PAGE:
This feature was published in conjunction with the screening of Beyond the Rocks at Silent Winter 2005
Gloria Swanson rued the fate of her lost films in her 1980 autobiography, Swanson on Swanson. “The same sad questions are always asked: Does anyone know of a print anywhere of Beyond the Rocks, the film Rudy Valentino made with me in 1921? I would love to see [it] again and know [it is] not lost forever. That, after all was supposed to be the great virtue of pictures—that they would last forever.”
Sadly, film doesn’t last forever. After the movies started talking, studios destroyed most prints of their silent films, cashing in the silver from the nitrate film stock. Except for a one-minute sequence, Beyond the Rocks has been lost for more than 77 years. The only surviving print was hidden by a private collector in the Netherlands, who slept amid cans of inflammable film reels.
Some 2,000 unlabeled film reels from the collection were delivered to the Nederlands Filmmuseum following the collector’s death in 2000. The first two reels of Beyond the Rocks uncovered were from the middle of the film, so researchers didn’t immediately recognize it. “Luckily for us, Gloria Swanson is called Theodora in the film,” said Elif Rongen-Kaynakçi, director of the Filmmuseum’s Film Collections Department, and the person responsible for documenting the find. “We were so lucky because the Dutch version keeps the name Theodora intact, because sometimes they change the names.” An Internet search revealed that the only time Swanson played a character named Theodora was in Beyond the Rocks. “It was a big surprise for us,” Rongen-Kaynakçi added.
The remaining reels were located in the collection by the end of 2003, and the wonder of discovery gave way to the task of restoring the long-lost prize. The Dutch print of Beyond the Rocks, like most 35mm movies made prior to 1952, was on nitrate film stock, which deteriorates rapidly—if it doesn’t burst into flames first. Despite this, careful storage of nitrate film can extend its life. The reels comprising Beyond the Rocks, however, were part of an assortment scattered randomly among six buildings in the Dutch city of Haarlem by a collector who didn’t bother to catalog his cache, let alone maintain proper temperature and humidity.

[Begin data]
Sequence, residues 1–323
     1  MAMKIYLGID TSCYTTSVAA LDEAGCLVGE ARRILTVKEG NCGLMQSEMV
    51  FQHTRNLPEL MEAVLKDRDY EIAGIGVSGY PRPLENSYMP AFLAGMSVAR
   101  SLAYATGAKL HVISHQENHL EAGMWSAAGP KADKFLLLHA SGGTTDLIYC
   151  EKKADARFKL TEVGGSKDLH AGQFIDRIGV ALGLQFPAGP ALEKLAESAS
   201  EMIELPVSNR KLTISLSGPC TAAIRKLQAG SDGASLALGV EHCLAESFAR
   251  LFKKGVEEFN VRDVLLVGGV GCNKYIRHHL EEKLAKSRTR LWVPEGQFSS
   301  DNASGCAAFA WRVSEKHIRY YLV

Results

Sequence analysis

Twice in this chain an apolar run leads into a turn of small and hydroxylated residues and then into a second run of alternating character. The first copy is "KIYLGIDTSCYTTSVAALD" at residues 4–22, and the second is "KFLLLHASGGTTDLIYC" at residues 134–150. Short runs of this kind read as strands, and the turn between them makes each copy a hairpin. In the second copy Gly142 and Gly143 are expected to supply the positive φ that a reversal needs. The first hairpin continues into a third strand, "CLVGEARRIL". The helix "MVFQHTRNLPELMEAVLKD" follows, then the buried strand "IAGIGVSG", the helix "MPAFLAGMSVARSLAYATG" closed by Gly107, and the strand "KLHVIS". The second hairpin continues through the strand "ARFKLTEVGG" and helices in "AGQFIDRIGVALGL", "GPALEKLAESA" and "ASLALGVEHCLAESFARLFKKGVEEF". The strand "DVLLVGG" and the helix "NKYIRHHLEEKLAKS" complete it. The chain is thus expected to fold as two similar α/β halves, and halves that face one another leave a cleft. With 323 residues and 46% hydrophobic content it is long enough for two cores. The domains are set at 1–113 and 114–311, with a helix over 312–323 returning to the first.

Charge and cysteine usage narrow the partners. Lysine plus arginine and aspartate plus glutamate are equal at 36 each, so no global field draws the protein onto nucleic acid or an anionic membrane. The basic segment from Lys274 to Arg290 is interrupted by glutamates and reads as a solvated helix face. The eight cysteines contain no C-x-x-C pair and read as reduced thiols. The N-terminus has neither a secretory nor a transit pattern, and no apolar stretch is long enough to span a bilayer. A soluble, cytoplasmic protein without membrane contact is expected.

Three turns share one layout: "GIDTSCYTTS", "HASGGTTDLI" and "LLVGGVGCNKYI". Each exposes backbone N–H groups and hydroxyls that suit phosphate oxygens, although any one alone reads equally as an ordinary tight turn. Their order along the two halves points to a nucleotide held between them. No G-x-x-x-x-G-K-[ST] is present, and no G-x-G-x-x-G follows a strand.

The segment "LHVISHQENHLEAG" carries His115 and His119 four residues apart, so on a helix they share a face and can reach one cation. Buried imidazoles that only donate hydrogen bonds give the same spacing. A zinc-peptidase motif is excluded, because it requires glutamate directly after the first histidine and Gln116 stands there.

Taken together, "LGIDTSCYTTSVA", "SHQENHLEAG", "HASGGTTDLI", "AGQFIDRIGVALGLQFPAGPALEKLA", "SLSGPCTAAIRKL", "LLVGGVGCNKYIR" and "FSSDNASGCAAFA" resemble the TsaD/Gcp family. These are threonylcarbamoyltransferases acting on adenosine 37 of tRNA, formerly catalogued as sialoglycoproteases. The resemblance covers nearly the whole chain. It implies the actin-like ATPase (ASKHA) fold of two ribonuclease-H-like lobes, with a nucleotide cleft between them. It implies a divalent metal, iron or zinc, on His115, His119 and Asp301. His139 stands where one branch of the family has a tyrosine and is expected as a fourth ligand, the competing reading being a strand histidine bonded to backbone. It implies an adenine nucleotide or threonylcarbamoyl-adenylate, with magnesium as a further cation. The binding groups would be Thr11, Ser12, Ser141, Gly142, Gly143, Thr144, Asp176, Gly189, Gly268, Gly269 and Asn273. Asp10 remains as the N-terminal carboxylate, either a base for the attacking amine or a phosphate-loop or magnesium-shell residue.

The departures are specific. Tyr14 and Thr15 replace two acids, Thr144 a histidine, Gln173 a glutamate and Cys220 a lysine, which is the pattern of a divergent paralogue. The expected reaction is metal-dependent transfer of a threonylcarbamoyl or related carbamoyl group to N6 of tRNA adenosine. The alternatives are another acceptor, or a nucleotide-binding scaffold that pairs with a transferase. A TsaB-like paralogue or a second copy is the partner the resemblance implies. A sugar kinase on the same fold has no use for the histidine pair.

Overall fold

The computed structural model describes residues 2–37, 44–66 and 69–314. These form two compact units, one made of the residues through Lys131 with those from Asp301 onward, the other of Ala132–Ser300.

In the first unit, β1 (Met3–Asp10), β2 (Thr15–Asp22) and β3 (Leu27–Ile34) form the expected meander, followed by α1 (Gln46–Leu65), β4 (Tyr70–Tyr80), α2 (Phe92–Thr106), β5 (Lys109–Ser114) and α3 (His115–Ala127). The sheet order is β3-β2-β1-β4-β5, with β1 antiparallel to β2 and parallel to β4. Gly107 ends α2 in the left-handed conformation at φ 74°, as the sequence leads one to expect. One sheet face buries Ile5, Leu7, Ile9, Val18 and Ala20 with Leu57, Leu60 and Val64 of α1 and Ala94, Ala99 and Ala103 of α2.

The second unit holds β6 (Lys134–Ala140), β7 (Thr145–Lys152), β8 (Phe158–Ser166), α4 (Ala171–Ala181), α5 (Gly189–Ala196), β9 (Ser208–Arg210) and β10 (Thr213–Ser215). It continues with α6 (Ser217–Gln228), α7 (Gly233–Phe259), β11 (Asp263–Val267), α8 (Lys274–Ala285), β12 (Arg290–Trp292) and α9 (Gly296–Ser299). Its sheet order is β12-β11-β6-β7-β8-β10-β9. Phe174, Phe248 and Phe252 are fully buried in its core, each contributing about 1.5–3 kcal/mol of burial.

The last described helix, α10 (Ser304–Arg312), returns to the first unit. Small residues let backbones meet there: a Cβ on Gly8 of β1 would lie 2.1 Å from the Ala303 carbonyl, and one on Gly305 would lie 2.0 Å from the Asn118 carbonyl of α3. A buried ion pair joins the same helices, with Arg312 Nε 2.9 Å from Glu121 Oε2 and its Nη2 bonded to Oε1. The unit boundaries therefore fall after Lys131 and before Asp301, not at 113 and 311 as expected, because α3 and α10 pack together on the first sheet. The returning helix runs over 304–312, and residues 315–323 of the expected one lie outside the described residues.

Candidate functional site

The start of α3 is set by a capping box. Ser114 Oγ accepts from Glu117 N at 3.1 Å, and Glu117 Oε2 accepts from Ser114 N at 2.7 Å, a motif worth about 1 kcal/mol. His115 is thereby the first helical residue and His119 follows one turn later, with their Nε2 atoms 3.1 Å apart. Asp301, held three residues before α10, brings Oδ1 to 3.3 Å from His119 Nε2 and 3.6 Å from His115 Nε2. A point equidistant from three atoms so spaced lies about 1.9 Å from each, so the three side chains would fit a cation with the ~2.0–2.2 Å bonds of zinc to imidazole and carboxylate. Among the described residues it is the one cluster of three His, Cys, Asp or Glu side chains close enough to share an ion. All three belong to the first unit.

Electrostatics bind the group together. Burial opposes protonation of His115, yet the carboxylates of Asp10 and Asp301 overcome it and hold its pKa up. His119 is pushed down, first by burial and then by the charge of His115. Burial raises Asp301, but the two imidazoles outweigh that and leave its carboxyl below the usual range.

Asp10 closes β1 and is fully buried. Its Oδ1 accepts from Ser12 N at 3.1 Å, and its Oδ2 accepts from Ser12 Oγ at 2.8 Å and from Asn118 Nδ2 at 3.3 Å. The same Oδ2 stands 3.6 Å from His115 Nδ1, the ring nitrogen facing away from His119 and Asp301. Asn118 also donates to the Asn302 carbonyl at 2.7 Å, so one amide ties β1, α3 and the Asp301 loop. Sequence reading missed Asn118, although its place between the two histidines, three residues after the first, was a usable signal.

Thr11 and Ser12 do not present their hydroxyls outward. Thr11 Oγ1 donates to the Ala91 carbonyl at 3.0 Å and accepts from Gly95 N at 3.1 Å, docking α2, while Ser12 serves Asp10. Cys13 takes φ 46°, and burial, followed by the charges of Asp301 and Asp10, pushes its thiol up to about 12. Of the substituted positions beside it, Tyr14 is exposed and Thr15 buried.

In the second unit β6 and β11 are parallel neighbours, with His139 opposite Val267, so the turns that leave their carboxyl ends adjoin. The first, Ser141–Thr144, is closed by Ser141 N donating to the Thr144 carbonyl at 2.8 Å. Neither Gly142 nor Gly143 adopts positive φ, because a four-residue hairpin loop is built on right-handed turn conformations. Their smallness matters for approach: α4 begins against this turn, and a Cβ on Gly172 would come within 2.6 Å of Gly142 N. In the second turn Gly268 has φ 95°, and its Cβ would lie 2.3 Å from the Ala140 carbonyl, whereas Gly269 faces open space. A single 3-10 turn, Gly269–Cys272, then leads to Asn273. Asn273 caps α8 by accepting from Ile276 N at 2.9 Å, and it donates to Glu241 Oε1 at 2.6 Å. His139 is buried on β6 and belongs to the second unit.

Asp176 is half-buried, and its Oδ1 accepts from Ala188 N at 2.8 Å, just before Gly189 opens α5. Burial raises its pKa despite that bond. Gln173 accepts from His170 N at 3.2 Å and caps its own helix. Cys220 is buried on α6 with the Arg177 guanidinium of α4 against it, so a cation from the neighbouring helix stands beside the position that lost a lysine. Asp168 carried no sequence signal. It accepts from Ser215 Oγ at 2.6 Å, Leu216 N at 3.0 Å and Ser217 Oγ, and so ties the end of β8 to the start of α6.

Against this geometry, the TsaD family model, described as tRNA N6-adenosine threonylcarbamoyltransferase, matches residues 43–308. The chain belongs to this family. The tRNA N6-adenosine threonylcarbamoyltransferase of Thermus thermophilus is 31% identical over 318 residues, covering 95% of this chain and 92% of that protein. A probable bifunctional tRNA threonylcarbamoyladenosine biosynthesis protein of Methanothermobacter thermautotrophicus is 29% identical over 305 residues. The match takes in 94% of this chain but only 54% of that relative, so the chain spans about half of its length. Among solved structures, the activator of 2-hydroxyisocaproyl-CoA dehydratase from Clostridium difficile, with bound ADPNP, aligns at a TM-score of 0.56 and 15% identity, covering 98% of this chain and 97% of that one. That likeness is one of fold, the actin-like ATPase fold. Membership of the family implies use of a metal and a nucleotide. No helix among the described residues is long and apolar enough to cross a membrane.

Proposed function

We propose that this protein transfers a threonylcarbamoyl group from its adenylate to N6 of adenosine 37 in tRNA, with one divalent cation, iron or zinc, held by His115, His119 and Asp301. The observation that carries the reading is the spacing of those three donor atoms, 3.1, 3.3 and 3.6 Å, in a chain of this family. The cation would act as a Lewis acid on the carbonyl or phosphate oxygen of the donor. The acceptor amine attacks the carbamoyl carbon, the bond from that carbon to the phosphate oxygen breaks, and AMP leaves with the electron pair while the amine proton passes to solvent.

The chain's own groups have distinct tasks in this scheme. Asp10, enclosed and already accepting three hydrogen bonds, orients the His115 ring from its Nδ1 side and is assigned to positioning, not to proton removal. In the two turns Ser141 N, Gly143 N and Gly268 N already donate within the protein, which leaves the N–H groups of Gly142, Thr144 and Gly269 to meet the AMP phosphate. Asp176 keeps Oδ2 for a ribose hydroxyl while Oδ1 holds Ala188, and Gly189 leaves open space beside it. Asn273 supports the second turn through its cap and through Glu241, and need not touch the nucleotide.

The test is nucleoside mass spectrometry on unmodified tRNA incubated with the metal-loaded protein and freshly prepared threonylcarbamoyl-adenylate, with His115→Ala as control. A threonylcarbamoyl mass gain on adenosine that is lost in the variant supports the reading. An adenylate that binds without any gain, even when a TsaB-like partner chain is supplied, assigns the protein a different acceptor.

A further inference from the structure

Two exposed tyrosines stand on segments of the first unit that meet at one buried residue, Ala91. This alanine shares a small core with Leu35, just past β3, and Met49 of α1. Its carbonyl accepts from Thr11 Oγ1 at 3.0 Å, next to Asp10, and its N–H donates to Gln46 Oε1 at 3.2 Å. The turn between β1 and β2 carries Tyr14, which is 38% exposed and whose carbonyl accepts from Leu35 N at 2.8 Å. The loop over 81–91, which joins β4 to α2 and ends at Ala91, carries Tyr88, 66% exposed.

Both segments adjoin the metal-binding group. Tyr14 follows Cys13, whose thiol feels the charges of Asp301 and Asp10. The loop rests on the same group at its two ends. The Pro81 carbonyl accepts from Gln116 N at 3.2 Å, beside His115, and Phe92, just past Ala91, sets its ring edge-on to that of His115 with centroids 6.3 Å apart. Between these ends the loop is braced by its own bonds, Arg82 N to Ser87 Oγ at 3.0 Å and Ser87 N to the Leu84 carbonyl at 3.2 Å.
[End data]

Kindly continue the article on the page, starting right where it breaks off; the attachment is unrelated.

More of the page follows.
The Amsterdam-based film restoration laboratory Haghefilm made a video transfer of the nitrate reels, so that the restoration team could work with the images without handling the original film. Digital technology was used to remove dust, splices, hairlines, and scratches from each frame. The parts of the film containing marked decomposition—fortunately only a few minutes—remain virtually untouched. “We try not to remove what is known as the ‘inherent characteristics’ of a film,” explains Giovanna Fossati, curator at the Nederlands Filmmuseum, who supervised the project.
An original script and a list of the English intertitles were found at the Academy of Motion Picture Arts and Sciences in Los Angeles, which revealed that the Dutch print matched the original Hollywood release. It is likely that the rediscovered print is a cheap copy for the export market, according to Fossati. “The Dutch title cards look simple,” she said. “They didn’t have frames or illustrations and the number of colors in our version is limited. While in the continuity script, there are clear references to a variety of tints and combinations of colors.”
To ensure that Beyond the Rocks can be shown without the need for live musical accompaniment, the Filmmuseum prepared a negative with a pre-recorded musical score. The addition of a musical track required trimming part of the image to accommodate the optical sound stripe on the film print and repeat-printing of frames throughout the film, so it can be shown at the modern projection speed of 24 frames per second. As the primary goal of the restoration was to preserve the original film, the Filmmuseum also prepared a silent print, without added frames and with an uncropped and no added frames. The Silent Film Festival presents this version.
The long-lost nature of Beyond the Rocks combined with the status of the film’s two stars elicited financial support from ING Group, an Amsterdam-based multinational financial services firm. But archives like the Nederlands Filmmuseum normally must struggle to find funding to preserve and restore our film heritage. While Valentino and Swanson remain cultural icons, most older films do not have such ready appeal and cannot guarantee a return on the investment needed to restore and preserve them. The type of restoration required for a project like Beyond the Rocks is too expensive for most commercial distributors, even when the film in question is a well-known crowd-pleaser. Many an advertised “restoration” is merely a digital cleansing for a DVD release, which does nothing to prevent the deterioration of the original film and even may damage it further during the conversion process.
Other treasures hidden away by the same private collector that have now been saved by the Nederlands Filmmuseum include prints of A Dream or Two Ago (1916), with Mary Miles Minter, and The Cook (1918), with Roscoe “Fatty” Arbuckle. Only a small portion of the collection has been examined so far. According to Elif Rongen-Kaynakçi, it may take another ten years to identify and catalog all 2,000 reels, and the fate of these prints remains uncertain. If any film isn’t another “Holy Grail” like Cleopatra (1917), with Theda Bara, or Rolled Stockings (1927), with Louise Brooks, who will step up to fund their restoration?